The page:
Linux Nips at Microsoft's Heels
Reality check: Microsoft (MSFT) is not on the verge of getting swept away by a Linux tsunami, as some open-source software enthusiasts have suggested. But Linux is a small wave slowly building every day, and threatens to dampen Microsoft's higher-growth server business.
Analysts differ over when the Linux wave reaches a critical crest, indicating that point has yet to arrive. But as it builds, Linux is putting Microsoft on the defensive, forcing the world's largest software maker to cut prices and consequently threatening margins.
"There's an immediate threat [to Microsoft] right now in the operating system space," says Scott Lundstrom, chief technology officer at AMR Research. Linux is "going to force Microsoft to spend more time on security and stability, and less time on adding new features. That probably has the effect of slowing revenue growth."
The combination of Linux-induced pricing pressure and slower growth prospects helps explain Microsoft's lackluster stock performance. The stock has gained only 15% in the past year, far short of the 54.8% swell enjoyed by the Goldman Sachs Software Index.Linux is a "growing reason" for Microsoft's underperformance, said Tony Ursillo, an analyst with Loomis, Sayles & Co., which has significantly pared back its Microsoft holdings to about 250,000 shares -- a small fraction of its $10 billion in assets. "I think many investors still look at Microsoft as a legitimate core holding in a company that still has reasonable growth ahead of it," Ursillo said. But "at this point in the economic cycle [and] at this phase of Microsoft's life cycle, we don't see it as a way you can materially outperform." Some investors may still mistakenly believe Microsoft's desktop applications business -- namely Microsoft Office -- is at stake in the fight against Linux. But Linux faces an uphill battle there, at least over the next few years, given that Microsoft commands more than 90% of the market share in that arena. What analysts are closely watching is the market for operating systems on servers, where Linux is showing far more strength.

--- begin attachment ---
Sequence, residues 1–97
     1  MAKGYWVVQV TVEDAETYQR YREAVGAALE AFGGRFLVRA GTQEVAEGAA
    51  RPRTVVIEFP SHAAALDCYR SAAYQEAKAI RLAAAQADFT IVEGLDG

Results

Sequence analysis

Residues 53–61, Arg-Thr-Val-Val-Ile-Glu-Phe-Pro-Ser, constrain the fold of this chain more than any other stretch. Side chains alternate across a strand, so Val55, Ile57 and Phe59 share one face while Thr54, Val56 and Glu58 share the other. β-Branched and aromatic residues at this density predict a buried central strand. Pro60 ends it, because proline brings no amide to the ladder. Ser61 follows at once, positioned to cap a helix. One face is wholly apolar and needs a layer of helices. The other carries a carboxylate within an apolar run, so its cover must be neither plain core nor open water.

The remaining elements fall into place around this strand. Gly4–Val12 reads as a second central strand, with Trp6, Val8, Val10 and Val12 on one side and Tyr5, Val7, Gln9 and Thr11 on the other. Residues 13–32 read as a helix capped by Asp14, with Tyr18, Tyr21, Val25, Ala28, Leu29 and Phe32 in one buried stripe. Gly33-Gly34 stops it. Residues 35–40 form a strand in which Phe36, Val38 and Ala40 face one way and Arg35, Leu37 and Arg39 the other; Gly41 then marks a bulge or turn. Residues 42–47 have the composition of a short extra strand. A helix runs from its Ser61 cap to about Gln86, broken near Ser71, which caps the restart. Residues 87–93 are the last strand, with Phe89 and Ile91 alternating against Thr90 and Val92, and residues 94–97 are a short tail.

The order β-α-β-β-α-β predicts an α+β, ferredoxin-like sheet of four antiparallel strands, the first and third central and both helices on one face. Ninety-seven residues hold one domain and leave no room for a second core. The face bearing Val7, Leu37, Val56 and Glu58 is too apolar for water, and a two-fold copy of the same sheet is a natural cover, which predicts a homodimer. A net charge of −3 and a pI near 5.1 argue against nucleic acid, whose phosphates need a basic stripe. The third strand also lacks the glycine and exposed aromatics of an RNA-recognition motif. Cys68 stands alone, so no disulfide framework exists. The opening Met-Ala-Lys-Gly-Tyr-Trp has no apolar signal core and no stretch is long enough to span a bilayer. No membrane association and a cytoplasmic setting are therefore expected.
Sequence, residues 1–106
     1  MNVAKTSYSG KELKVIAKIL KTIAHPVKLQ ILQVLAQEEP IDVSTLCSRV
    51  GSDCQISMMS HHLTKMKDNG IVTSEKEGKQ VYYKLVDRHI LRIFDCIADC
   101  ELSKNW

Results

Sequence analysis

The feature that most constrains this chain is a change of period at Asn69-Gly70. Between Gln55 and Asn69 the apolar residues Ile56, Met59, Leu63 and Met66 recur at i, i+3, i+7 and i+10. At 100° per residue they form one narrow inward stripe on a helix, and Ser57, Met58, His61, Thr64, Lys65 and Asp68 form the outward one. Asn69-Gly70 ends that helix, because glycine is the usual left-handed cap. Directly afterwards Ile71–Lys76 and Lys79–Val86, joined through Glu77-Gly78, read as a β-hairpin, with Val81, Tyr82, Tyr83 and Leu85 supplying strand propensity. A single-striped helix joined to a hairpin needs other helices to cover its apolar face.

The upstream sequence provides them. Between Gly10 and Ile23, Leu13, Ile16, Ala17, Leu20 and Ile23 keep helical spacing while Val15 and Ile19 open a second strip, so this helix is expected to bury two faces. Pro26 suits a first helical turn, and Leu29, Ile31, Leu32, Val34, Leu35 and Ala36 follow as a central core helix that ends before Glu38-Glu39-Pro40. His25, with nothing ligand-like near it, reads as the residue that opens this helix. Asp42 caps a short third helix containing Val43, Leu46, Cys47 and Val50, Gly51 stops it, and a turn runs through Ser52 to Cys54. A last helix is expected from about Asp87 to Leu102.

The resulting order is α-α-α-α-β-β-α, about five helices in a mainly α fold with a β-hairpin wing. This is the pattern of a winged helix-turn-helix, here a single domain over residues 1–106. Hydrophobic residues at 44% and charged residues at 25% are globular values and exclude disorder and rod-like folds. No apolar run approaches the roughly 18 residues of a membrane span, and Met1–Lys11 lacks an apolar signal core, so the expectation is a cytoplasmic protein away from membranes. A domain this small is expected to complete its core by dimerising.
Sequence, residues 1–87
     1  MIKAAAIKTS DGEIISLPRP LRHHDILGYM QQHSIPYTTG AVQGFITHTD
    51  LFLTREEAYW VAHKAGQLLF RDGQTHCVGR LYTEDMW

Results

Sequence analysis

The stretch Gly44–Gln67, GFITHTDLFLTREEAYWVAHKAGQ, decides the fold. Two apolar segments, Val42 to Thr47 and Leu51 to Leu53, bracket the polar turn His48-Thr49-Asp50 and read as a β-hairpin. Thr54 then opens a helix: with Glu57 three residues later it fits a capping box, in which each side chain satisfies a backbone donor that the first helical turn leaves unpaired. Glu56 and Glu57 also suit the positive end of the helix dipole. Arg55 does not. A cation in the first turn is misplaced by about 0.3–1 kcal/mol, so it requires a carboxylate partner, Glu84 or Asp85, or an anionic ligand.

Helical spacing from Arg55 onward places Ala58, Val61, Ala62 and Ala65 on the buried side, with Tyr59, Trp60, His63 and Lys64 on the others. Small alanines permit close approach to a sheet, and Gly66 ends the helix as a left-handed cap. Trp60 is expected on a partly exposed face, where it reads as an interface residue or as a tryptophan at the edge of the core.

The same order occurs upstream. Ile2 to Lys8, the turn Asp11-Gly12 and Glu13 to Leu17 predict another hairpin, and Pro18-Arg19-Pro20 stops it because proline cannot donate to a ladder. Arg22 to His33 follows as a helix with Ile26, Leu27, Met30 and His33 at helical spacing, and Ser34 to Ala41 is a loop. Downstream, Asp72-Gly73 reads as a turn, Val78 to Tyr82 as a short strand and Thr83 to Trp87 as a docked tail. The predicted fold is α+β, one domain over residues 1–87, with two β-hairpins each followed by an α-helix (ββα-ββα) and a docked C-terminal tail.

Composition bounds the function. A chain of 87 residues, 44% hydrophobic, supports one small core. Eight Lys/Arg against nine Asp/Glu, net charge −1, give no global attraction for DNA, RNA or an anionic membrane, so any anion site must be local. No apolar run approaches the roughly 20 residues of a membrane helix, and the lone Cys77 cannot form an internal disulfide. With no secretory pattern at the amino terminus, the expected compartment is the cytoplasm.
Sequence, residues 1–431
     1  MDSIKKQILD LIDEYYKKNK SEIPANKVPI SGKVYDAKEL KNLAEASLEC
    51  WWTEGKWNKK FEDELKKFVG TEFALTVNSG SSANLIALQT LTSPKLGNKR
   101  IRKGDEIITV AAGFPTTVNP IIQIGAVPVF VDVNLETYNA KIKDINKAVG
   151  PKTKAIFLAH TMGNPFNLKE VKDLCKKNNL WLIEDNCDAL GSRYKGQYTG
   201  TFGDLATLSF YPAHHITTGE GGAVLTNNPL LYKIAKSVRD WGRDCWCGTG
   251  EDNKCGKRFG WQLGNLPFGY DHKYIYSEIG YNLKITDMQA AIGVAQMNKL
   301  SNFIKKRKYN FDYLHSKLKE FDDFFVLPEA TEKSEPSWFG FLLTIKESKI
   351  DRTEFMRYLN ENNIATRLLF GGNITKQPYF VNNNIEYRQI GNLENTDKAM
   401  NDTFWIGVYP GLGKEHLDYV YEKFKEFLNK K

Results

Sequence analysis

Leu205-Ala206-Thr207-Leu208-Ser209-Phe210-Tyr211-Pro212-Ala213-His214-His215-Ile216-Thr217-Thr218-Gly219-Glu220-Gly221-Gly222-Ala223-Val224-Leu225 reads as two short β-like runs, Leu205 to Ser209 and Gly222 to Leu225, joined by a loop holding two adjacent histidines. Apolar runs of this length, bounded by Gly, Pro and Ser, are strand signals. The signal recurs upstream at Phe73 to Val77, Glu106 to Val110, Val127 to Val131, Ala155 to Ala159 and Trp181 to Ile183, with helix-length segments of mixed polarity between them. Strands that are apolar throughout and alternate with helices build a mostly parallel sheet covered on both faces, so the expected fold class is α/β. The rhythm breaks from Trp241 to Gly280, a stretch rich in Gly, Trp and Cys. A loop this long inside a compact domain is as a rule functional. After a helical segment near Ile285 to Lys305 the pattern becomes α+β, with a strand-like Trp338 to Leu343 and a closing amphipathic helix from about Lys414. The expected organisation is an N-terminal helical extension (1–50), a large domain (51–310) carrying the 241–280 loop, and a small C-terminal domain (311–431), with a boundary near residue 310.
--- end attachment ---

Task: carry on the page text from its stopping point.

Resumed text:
|Linux vs. Goliath
Open-source wave builds but Microsoft still holds the top spot in the server market
|Q4 server revenue||$960 million||$3.9 billion|
|YOY Q4 server revenue growth||63.1%||16.1%|
|YOY Q4 server unit shipment growth||52.5%||23.3%|
|Market share*, 2002||23.1%||55.1%|
|Market share, 2001||22.4%||50.5%|
|*Market share of paid new software license shipments.
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